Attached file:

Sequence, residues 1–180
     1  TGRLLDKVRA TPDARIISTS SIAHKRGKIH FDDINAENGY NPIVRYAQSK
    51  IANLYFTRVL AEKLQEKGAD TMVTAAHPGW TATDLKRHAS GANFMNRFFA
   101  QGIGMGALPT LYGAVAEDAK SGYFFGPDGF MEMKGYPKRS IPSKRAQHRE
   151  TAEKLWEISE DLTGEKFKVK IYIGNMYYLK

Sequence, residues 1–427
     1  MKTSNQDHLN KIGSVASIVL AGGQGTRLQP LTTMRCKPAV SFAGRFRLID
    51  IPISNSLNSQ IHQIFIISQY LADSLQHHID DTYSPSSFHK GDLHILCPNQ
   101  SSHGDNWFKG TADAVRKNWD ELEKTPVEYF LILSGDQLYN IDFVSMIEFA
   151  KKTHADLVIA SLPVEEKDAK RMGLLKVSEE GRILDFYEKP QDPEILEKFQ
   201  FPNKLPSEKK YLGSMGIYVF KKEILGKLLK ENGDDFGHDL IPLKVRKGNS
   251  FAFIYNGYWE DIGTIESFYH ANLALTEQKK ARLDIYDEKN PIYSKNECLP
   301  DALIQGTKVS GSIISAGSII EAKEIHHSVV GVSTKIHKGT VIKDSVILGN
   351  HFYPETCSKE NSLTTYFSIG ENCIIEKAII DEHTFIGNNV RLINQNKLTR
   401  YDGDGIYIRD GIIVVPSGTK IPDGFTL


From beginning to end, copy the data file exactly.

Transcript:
Sequence, residues 1–180
     1  TGRLLDKVRA TPDARIISTS SIAHKRGKIH FDDINAENGY NPIVRYAQSK
    51  IANLYFTRVL AEKLQEKGAD TMVTAAHPGW TATDLKRHAS GANFMNRFFA
   101  QGIGMGALPT LYGAVAEDAK SGYFFGPDGF MEMKGYPKRS IPSKRAQHRE
   151  TAEKLWEISE DLTGEKFKVK IYIGNMYYLK

Sequence, residues 1–427
     1  MKTSNQDHLN KIGSVASIVL AGGQGTRLQP LTTMRCKPAV SFAGRFRLID
    51  IPISNSLNSQ IHQIFIISQY LADSLQHHID DTYSPSSFHK GDLHILCPNQ
   101  SSHGDNWFKG TADAVRKNWD ELEKTPVEYF LILSGDQLYN IDFVSMIEFA
   151  KKTHADLVIA SLPVEEKDAK RMGLLKVSEE GRILDFYEKP QDPEILEKFQ
   201  FPNKLPSEKK YLGSMGIYVF KKEILGKLLK ENGDDFGHDL IPLKVRKGNS
   251  FAFIYNGYWE DIGTIESFYH ANLALTEQKK ARLDIYDEKN PIYSKNECLP
   301  DALIQGTKVS GSIISAGSII EAKEIHHSVV GVSTKIHKGT VIKDSVILGN
   351  HFYPETCSKE NSLTTYFSIG ENCIIEKAII DEHTFIGNNV RLINQNKLTR
   401  YDGDGIYIRD GIIVVPSGTK IPDGFTL